Public Price: € 10
Contact the WCO Publications Service
By e-mail: email@example.com
By telephone: +32(0)2 209 95 03
By fax: +32 (0)2 209 94 90
"Post Clearance Audit means Customs control or audit performed subsequent to the release of cargo from Customs custody. Such audit may take into account individual transactions or cover imports/exports undertaken over a certain period. The audit can take place either at a Customs office or on the premises of a company.
Implementation of post clearance audit is a major simplification of Customs control and thus provides facilitation for the traders.
"Customs authorities do not normally release goods until all issues are resolved and any duties and taxes are paid. Delays in receiving goods due to customs clearance is a matter of concern for any company, particularly SMEs, under the pressing demands of today’s market. Such delays can arise for various reasons, including valuation problems and others not currently regulated by WTO rules, for example classification pr oblems, tariff heading determination, missing documents, lack of certificates of origin or health certificates, and delays caused by payment procedures.
"Automated systems in Customs provide one of the most important tools for facilitation of international trade procedures. As a complement to Customs reform, automation becomes a catalyst for modernisation of the Customs and a stimulus for increased use of Information and Communications Technology (ICT) by other governmental departments and private sector stakeholders, whose activities involve Customs operations.
This presentation by Kunio Mikuriya, Deputy Secretary General of the WCO, addresses the accomplishments of the WTO in creating international standards for customs procedures and modernization, and it outlines the WCO's recent initiatives on security and facilitation of trade supply chain. Click here to view the full PDF.
This document, adopted by the MERCOSUR/EU Business Forum, outlines in the short, medium and long therm the trade facilitation agenda of the business communities in the two regions, including 60 measures proposed in: customs issues (facilitation, adoption of the revised Kyoto convention); non-tarriff barriers to trade and conformity assessment (MRA, WTO TBT code); and facilitation of eCommerce.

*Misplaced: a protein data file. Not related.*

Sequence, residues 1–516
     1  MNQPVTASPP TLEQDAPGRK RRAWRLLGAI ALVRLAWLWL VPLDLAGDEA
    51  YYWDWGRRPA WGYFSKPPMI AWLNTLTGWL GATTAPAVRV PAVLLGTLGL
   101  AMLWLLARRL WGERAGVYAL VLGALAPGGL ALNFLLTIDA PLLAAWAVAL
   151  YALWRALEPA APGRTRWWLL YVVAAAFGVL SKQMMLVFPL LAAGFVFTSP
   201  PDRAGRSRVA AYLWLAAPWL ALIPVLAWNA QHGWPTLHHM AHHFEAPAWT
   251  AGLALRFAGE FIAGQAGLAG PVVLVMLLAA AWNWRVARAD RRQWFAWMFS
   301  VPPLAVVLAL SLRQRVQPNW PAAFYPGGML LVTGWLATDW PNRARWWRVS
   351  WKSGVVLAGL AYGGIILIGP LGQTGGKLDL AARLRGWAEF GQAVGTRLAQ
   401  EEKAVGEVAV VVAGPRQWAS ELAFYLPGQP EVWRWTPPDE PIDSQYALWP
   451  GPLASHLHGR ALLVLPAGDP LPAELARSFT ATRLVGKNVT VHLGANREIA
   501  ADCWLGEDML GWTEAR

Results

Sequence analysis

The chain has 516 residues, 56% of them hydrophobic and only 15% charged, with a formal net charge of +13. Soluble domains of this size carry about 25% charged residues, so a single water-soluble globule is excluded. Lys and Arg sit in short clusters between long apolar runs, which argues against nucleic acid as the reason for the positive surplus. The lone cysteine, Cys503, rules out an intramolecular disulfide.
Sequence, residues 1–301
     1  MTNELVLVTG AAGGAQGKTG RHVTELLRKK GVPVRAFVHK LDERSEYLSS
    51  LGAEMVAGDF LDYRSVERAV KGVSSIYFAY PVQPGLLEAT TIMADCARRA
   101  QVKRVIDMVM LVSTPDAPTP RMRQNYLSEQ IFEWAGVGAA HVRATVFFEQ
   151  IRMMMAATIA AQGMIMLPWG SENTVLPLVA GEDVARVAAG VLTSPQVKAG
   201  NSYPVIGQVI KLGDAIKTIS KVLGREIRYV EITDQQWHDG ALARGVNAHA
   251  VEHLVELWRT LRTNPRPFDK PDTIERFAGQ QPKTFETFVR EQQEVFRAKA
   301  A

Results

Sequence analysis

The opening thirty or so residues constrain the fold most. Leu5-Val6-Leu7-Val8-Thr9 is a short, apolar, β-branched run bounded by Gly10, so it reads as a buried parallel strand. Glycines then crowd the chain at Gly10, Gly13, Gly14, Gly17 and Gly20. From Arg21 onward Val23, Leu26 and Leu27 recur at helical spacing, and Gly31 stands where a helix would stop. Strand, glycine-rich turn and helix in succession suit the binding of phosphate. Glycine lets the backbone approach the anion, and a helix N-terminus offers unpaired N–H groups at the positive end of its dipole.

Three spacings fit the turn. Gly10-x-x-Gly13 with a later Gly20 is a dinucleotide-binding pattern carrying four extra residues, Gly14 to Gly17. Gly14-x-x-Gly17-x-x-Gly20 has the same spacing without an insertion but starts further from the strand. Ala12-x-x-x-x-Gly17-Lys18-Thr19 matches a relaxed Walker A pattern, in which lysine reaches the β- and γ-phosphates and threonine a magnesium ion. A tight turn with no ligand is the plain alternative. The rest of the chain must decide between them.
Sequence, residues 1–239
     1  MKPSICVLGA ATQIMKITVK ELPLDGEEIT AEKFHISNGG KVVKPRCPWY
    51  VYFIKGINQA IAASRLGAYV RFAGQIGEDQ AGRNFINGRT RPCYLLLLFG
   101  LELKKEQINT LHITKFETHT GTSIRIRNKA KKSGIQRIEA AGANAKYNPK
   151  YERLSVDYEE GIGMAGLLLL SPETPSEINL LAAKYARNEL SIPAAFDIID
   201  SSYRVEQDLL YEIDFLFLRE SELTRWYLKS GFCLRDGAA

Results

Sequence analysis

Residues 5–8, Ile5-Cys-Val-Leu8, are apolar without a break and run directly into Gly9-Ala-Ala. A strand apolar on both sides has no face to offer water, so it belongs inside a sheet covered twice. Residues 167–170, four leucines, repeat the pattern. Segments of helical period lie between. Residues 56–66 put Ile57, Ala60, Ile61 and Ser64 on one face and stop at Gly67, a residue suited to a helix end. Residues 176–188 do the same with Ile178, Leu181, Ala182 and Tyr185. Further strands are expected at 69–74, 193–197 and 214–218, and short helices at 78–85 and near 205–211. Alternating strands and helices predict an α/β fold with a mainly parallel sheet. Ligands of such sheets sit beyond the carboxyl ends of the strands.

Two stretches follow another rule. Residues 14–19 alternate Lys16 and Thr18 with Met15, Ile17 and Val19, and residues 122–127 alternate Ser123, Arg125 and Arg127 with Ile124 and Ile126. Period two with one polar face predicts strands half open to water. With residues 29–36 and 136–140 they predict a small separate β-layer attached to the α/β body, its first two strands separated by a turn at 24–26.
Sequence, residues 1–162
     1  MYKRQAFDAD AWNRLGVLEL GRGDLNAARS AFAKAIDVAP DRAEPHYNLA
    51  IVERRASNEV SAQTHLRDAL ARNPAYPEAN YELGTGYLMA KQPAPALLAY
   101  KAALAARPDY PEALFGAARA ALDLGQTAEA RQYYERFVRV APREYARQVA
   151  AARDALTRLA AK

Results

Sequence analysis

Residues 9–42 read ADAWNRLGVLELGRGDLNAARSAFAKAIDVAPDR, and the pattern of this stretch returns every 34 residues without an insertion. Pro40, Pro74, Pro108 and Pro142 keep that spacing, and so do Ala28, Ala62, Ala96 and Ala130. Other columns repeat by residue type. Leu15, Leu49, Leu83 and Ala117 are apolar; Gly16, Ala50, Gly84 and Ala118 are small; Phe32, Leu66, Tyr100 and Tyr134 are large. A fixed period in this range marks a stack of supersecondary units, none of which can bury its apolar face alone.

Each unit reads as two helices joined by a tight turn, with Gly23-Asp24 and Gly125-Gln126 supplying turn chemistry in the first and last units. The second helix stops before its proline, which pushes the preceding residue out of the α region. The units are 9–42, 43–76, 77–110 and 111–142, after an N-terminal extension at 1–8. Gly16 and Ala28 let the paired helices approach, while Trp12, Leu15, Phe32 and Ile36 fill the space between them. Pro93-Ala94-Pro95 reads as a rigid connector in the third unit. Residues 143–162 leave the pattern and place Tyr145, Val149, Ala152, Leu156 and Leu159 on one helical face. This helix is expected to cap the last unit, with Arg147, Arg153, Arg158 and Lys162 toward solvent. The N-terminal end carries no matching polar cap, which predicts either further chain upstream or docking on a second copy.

The introduction states:
The Guidelines make specific reference to the value of systematic Customs/trade co-operation through Memorandum of Understanding programmes.
They have numerous uses. For example, they set out, in a convenient form, a summary list of key provisions that, cross-referenced to corresponding stipulations in WCO Conventions, can be readily expanded into a Code of Best Customs Practices.
This Toolkit is based on the assumption that it is very difficult to imagine a fully efficient, yet dishonest Customs service and on the related belief that any Customs offering its stakeholders high operational functional satisfaction will also turn out to have equally high standards of morale and behaviour.
WCO, Revised Kyoto Convention, Specific Annex E, Chapter 1 Standard 6. “Any commercial or transport document setting out clearly the necessary particulars shall be accepted as the descriptive part of the Goods declaration for Customs transit and this acceptance shall be noted on the document.”
(See also 1973 Kyoto Convention, Annex E.1 Recommended Practice 13.)
WCO, 1973 Kyoto Convention, Annex J.1 Recommended Practice 16. "Continuous liaison and consultation should be established at the national level, between the services responsible for ADP and the services responsible for Customs control matters within each Customs administration with a view to identifying the needs of Customs control services and in order to make the best possible use of ADP techniques and facilities to assist in meeting such needs."
Revised Kyoto Convention, General Annex, Chapter 7 Standard 4. “New or revised national legislation shall provide for:
- electronic commerce methods as an alternative to paper-based documentary requirements;
- electronic as well as paper-based authentication methods;
- the right of the Customs to retain information for their own use and, as appropriate, to exchange such information with other Customs administrations and all other legally approved parties by means of electronic commerce techniques.”
WCO, Revised Kyoto Convention, Guidelines to the General Annex, Chapter 7, Part 4.6. on Customs enforcement. “In order to ensure proper compliance with Customs regulations, using scarce resources efficiently, Customs must employ selectivity and risk assessment techniques.”
(See also 1973 Kyoto Convention, Annex J.1 Recommended Practice 17.)
This summary is part of the Compendium of Trade Facilitation Recommendations authored by UNCTAD and UN/CEFACT, Part G